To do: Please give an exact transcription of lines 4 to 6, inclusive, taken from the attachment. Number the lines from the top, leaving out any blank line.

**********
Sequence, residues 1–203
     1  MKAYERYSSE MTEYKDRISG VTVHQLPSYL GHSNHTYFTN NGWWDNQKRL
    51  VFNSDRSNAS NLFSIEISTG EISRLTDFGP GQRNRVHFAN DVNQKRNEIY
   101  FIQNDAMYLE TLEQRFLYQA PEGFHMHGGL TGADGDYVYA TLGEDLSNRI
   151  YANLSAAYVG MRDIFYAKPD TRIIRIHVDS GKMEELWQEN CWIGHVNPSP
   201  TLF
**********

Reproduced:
   101  FIQNDAMYLE TLEQRFLYQA PEGFHMHGGL TGADGDYVYA TLGEDLSNRI
   151  YANLSAAYVG MRDIFYAKPD TRIIRIHVDS GKMEELWQEN CWIGHVNPSP
   201  TLF